I've always thought that free tools like Paint.NET are incredible pieces of software because they drastically simplify the image editing process for most users while still offering a lot of the advanced options for the power users out there. The downside to Paint.NET is that it's only available on Windows, but a free app called Pinta tries to bring a similar set of features to all platforms.
Posts Tagged ‘Resize Images’
Personally I've never needed to compress a large number of images before, but if I did I'd definitely be using Caesium. The interface is easy to understand, and the dual-pane previews along the right side make it easy to see the before/after comparison so that you can get the right compression ratio.
Digital picture frames are a great way to showcase your photo library, but some people think that they need enormous memory cards so that they don't have to constantly swap out images. The photos taken with a digital camera are often very high resolution, and can therefore limit how much you can fit onto a card.
I resize images quite a bit on a variety of different computers, including ones running both Windows and Mac OS X. On Windows I typically use an Explorer add-on like this one, but I had never taken the time to find something to use on my Mac. During some browsing around the web I recently stumbled upon a free utility, called ThumbsUp, that handles the job quite nicely though.
The free and portable Radical Image Optimization Tool (RIOT) has been an app I've recommended for a few years now (I think I've been using it since about 2008). As the name suggests it focuses on doing one thing, and doing it well: optimizing images. It can compress, resize, adjust, and convert your images in a way that leaves you in control of the end result.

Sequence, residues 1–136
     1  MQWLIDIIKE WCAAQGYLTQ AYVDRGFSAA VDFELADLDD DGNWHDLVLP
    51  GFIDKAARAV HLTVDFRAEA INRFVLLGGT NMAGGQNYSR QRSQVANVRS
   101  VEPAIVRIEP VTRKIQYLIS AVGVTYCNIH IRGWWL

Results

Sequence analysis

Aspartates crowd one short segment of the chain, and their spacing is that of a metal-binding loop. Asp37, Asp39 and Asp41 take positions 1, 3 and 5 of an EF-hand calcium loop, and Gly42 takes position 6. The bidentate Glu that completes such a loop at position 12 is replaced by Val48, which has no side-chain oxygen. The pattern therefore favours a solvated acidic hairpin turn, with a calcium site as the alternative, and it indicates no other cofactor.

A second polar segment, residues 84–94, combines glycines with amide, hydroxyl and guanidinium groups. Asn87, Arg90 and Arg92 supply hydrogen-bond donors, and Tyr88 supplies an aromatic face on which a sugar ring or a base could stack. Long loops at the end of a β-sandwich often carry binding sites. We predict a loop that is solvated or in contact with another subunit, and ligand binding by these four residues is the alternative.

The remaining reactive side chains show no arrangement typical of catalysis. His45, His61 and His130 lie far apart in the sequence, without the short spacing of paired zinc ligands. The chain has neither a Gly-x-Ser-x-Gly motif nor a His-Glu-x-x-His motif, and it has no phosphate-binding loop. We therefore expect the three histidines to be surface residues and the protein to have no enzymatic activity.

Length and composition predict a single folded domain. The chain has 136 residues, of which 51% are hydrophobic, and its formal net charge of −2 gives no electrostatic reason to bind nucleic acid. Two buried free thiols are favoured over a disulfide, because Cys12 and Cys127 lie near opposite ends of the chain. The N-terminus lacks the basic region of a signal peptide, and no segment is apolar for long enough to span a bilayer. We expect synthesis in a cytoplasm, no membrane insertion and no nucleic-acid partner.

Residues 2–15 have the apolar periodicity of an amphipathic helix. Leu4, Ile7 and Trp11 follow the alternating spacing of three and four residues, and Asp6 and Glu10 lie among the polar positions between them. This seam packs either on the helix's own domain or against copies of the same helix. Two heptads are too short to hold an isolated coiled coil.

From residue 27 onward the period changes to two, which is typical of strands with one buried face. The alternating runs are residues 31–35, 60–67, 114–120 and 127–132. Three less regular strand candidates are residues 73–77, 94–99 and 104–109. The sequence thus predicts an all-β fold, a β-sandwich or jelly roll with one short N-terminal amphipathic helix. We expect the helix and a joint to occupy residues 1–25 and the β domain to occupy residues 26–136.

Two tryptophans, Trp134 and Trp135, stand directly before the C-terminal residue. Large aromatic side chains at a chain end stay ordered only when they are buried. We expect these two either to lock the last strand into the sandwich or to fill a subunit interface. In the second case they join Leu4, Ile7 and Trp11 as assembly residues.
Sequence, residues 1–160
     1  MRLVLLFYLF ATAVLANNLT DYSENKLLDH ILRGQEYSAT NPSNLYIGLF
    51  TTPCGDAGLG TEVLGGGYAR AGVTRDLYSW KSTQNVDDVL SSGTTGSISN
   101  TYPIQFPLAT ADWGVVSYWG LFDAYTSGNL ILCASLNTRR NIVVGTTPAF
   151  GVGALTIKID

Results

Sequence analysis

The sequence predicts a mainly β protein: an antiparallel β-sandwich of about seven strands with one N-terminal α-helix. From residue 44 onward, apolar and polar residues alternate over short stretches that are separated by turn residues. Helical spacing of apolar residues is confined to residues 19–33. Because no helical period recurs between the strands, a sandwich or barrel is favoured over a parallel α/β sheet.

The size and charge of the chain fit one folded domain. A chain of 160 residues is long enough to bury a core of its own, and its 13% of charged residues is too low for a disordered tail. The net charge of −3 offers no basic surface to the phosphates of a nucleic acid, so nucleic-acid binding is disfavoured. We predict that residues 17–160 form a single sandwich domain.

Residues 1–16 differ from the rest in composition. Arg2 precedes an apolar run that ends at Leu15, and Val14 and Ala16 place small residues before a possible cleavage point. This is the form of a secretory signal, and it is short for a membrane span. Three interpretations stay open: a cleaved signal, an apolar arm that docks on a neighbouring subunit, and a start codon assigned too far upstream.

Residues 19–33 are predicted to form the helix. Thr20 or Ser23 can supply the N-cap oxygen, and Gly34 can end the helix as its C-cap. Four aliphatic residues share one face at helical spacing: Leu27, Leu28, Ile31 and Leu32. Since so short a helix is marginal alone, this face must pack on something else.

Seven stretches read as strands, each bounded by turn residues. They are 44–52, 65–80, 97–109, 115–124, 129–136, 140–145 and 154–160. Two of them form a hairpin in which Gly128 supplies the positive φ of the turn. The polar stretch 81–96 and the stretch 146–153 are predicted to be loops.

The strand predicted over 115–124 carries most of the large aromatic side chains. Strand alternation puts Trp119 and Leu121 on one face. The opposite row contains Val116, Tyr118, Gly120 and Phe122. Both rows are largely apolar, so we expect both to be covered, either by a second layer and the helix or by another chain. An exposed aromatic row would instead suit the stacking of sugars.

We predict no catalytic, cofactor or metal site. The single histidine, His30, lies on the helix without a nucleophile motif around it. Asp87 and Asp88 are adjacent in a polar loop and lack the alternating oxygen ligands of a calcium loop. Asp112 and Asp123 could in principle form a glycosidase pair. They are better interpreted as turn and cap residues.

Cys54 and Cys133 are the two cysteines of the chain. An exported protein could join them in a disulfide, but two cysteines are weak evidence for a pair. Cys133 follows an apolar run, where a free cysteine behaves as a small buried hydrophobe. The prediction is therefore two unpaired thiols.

There are plenty of image editors out there these days, but there aren't too many that offer some of the advanced functionality that you find in Photoshop. Some of those apps, such as GIMP or Paint.NET, are great alternatives that a lot of users have come to rely on, and I'd have to put StylePix in that same category.
Coming across a good free screenshot application is a rarity these days. I used to be a big fan of FastStone Capture, but once they went from free to paid it felt like my money would be better spent on SnagIt (in the event I decided to purchase an app).
I'm sure many of you remember the "Power Toys" from the Windows XP days, and you probably have at least one of them installed if you're still running XP. My favorite was always the ability to quickly resize images with a simple right-click on the photo(s) from within Windows Explorer. It was fast, simple, and did exactly what you wanted it to.